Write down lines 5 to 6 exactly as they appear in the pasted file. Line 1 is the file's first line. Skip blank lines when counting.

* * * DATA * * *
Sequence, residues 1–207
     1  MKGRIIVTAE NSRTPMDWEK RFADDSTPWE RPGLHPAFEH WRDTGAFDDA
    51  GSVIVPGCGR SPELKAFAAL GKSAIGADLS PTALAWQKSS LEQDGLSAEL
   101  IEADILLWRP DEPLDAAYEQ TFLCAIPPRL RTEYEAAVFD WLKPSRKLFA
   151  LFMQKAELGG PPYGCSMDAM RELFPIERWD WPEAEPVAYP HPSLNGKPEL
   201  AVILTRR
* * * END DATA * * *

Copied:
   151  LFMQKAELGG PPYGCSMDAM RELFPIERWD WPEAEPVAYP HPSLNGKPEL
   201  AVILTRR